A voter takes advantage of the DCCC's "Cycle of Engagement Initiative" which provides greater access to voting for people of color. (Courtesy of DCCC)
Courtesy of DCCC

The topic of voting and politics can be divisive and, in some cases, incendiary. And, far too often, we just vote along party lines — not really understanding the issues or even the long-term effect of a single act of casting a vote. We just know that the new privilege we enjoy at 18 is the ability to vote. Not much preparation comes along with that. It is almost like getting a driver’s licenses mailed to your home at the age of 16 with no preparation or knowledge of the rules of the road.

Not providing our youth with knowledge and education around voting can be just as reckless as putting ill-equipped drivers on the road. At the age of 18, our young people automatically acquire a most important privilege and constitutional right — without knowing exactly what to do with it, the power they possess or the damage that can result if not used responsibly.

Aside from the compulsory historical context of voting in history, government and civics classes, I know from experience as an educator and parent there is not a lot of education and empowerment that goes into educating our students on the real impact of voting.

If we are truly about developing a group of young adults with agency and power who can continue to move our country forward, shouldn’t they know the power of their vote? Shouldn’t they understand democracy beyond rote facts like the minimum age of the president and the number of senators and representatives in Congress? I submit that we do not look at voting as a perfunctory event, but as a rite of passage for which we should adequately prepare those who seek to gain entrance into their newfound status as voters. Raising a generation of intelligent voters is paramount.

We cannot assume that every new voter will automatically understand the power of their vote and their ability to influence how elected officials support the communities in which they live. What goes into developing voters who know the power of their vote goes beyond historical context. The education must include an in-depth understanding how political power can be accessed outside of elections, the importance of knowing candidates, why local elections are just as important as national elections and how citizens can become civically engaged beyond casting their ballot.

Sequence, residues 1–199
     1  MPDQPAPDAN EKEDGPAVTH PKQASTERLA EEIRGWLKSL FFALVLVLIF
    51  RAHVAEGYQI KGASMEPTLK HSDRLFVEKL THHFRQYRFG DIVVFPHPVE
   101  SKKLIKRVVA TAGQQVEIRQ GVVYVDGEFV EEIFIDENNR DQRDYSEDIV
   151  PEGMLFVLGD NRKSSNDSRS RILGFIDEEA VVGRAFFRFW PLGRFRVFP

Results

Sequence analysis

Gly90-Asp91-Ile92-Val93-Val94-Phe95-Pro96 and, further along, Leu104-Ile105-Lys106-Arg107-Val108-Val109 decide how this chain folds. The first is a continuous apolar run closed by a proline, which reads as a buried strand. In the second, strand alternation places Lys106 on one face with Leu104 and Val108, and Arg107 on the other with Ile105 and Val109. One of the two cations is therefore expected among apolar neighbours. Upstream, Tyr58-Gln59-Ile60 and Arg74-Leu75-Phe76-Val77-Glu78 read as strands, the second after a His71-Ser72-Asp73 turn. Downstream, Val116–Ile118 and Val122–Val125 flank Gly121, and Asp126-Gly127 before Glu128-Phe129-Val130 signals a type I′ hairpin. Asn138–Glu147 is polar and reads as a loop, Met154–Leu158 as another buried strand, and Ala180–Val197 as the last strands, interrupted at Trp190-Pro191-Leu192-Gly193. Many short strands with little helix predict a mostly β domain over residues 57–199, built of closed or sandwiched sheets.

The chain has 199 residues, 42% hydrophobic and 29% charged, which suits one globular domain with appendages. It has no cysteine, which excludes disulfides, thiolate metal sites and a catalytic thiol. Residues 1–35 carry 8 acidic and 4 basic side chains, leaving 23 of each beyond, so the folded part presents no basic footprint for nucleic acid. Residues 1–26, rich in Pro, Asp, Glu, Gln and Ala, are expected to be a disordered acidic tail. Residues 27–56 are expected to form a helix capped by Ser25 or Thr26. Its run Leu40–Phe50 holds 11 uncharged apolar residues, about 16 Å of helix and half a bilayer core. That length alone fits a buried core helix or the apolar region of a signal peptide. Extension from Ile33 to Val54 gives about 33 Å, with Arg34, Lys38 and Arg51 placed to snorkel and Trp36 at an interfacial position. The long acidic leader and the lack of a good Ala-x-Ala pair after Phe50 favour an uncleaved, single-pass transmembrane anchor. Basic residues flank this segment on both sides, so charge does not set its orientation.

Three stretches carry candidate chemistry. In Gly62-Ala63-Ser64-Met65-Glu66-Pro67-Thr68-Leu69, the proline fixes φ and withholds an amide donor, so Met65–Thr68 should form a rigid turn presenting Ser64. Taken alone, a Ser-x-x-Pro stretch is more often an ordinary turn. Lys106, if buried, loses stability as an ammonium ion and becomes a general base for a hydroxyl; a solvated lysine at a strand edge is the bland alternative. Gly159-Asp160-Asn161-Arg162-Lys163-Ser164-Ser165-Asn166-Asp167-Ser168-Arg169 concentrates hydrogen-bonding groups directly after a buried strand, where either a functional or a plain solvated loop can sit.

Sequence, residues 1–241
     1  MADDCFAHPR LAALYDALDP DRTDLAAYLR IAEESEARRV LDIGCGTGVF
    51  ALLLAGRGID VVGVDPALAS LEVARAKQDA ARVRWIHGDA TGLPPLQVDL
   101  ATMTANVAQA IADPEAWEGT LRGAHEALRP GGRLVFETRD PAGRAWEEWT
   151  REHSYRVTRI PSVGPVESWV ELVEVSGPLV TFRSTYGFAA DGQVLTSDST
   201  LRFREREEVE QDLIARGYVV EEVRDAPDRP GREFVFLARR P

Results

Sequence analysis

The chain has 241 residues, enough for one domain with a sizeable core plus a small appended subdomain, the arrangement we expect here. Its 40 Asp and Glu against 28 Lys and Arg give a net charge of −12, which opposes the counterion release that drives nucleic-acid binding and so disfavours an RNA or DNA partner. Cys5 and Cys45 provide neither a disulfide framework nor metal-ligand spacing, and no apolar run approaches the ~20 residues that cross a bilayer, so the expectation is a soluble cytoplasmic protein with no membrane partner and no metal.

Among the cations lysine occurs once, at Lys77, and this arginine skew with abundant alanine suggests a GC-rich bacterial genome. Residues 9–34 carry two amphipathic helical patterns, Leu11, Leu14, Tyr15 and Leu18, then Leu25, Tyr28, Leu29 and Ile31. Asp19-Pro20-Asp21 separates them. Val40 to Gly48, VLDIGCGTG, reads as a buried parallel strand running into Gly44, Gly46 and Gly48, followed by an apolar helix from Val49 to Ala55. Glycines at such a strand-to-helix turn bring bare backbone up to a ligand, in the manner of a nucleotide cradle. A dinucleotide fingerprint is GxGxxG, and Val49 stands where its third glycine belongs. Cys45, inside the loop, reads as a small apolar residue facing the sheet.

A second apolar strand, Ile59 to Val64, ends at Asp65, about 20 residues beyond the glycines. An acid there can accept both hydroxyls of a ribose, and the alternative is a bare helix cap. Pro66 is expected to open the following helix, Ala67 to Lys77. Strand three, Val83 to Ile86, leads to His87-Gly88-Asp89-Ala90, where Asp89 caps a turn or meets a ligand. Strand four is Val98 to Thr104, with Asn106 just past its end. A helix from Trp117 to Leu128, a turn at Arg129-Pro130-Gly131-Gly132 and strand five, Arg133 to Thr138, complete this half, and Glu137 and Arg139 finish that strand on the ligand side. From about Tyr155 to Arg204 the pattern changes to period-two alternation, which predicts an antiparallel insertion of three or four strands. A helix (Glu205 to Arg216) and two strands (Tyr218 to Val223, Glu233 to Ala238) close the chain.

Our youth should be privy to the power of supporting candidates they believe in and the ways to do that. Additionally, giving them an understanding as to why voting is important so that they may intelligently articulate the reasons to those peers or adults in their lives who hold true to the myth that their vote does not count.

Campaigns like “I Can’t but You Can” provide this type of education for youth ages 14-19. The second installment of this initiative first launched in 2008, is now taking place virtually and thereby reaching even more young people. Leveraging the expertise of voting experts and harnessing the passion of youth civic leaders, Usher’s New Look (UNL), creator of “I Can’t but You Can,” seeks to make an indelible mark on youth. The nonprofit focused on youth leadership development, founded 21 years ago, advances its mission by fostering a new generation of future voters, equipped with the skills to share their knowledge and empowered to influence others who have already attained the right to vote as well as elected officials. Imagine the confidence and sense of accomplishment that a young person can feel if they can successfully persuade a family member or neighbor of the importance of voting causing them to cast their vote or become civically involved in their community!

If we truly want to decrease the gulf between historically politically powerless citizens and those who have historically controlled the political narrative in this country, we must focus on the development of our youth as civic leaders. Families, schools and community-based organizations like UNL must educate our youth from a young age on the voter process, bring awareness of their rights as voters, and assure them that not only does their votes matter, but the 15th Amendment is an integral piece to developing a more equitable country for generations to come.

Careshia N. Moore, Esq., is president and CEO of Usher’s New Look.

WI Guest Author

This correspondent is a guest contributor to The Washington Informer.

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